Soon enough there wasn’t a manor around he hadn’t been called to restore.

 

 

For Crispina’s Crimson’s Creative Challenge #66

 

 

Sentry Sign

 

“Can you believe this weather? The sun is …” she stopped cold, her jaw frozen in mid-sentence. Her heart thundered, threatening to escape the confines of her chest.

“Mauve?”

Eric’s voice sounded as if filtered through molasses. Someplace in her stunned mind she noted to herself that she finally understood why cartoonists slurred speech and movement into agonizing slow-motion during moments of high-drama. It was as if the world itself spun differently. Time simultaneously lingered and lost all definition.

Her finger labored against a suddenly-too-heavy gravity. She pointed at the gravestone.

“The swirls,” she managed, her tongue was a parched brick in a desert.

She forced herself to breathe and swallow. Paradoxically the motion released some moisture back into her arid mouth.

“It is the mark of my ancestors,” she whispered. “A sacred, secret, rarely-used Sentry Sign. I’d only seen it once. I didn’t even know they’d been to this land.”

 

 

For Crispina’s Crimson’s Creative Challenge

 

 

 

The Joneses

 

“Did you see what the Joneses got?” Marco gazed out the window.

“Don’t tell me you are falling for this nonsense!”

Marco swallowed a retort. His wife often yelled first and considered second. Getting into an argument in ‘phase one’ only delayed (or destroyed any possibility for) ‘phase two.’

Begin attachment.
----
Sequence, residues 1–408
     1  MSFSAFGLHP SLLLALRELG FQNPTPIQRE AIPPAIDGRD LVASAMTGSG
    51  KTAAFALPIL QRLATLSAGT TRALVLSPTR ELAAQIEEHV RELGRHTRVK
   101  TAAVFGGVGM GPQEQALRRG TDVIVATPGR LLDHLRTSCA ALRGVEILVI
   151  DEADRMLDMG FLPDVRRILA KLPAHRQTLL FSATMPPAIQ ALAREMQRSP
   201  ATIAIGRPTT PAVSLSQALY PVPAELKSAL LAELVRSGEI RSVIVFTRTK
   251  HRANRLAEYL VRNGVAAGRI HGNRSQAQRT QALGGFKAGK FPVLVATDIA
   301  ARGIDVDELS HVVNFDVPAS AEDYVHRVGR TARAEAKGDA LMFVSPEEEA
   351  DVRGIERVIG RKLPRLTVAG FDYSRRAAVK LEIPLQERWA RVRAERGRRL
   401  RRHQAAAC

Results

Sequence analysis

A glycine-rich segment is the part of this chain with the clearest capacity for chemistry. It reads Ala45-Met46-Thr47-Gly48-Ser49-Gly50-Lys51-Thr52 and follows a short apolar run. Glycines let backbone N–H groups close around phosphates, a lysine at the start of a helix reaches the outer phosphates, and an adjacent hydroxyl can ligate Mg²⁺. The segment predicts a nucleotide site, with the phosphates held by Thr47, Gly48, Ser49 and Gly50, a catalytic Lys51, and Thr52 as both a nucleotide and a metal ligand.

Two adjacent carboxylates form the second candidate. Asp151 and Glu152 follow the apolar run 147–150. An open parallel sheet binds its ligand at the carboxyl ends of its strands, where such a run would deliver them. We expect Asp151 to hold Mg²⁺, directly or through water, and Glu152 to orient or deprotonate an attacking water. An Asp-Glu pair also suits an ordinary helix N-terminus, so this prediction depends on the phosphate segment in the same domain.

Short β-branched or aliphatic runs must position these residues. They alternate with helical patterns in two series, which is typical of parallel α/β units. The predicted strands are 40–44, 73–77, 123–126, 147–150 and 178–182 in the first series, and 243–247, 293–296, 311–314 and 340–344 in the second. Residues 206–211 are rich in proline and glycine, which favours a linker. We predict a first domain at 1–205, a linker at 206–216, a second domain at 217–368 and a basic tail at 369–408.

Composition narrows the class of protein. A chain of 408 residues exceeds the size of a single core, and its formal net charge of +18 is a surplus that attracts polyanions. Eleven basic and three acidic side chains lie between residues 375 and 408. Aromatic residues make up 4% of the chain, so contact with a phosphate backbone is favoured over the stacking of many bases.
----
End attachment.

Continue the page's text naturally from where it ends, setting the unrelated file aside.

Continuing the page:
“So?” her hands left wrinkled wet spots on her kitchen apron.

“I’m considering it,” he allowed. Silence tended to increase her ire.

“And for what Godawful blasted reason?”

He shrugged and tried for his one-sided smile. It used to work like magic in the past. Still did, sporadically. Worth a try.

The corners of her eyebrows shifted slightly away from each other. Good or bad, he wasn’t sure, but it was now or never.

“We could tie our Blimp to it, Dear. It is all the rage to have one’s own anchor. Makes it so much easier to unload the groceries.”

 

 

For Crispina’s Crimson’s Creative Challenge #64

 

 

Darn Yarn – Take #2

(You aren’t seeing double, this is a second helping for Crispina’s latest Crimson’s Creative Challenge – jotted in response to Shona, who wrote in the comments to my first attempt: “And there’s your next prompt — to have the alpaca speaking!…” And I thought to myself, Oh, how fun, let’s! So, here it is, Shona — this one is for you …)

 

She never did like the whole thready business. The fascination the two-legged had with locks of her hair.

Yet there they were, shearing it, bathing it, pulling it through nails, spinning it into thin ropes lacking any fluffiness, hanging it on sticks they cluck together to make some form of net to then cloak themselves with and strut about in, reverently wearing what had been atop her skin.

It’s quite uncanny. Then again, they do seem to worship everything about her: They house her. Feed her. Protect her. Cater to her (almost) every whim. They openly fawn over her offspring (not that she could blame them that particularity — the young ones do pull on one’s heart-strings).

Odd beings, are the two-legged, in how they wrap something else’s hair around their bodies, bizarrely mesmerized by fleece.

Then again, perhaps in their nakedness, all they can do is have her reign supreme.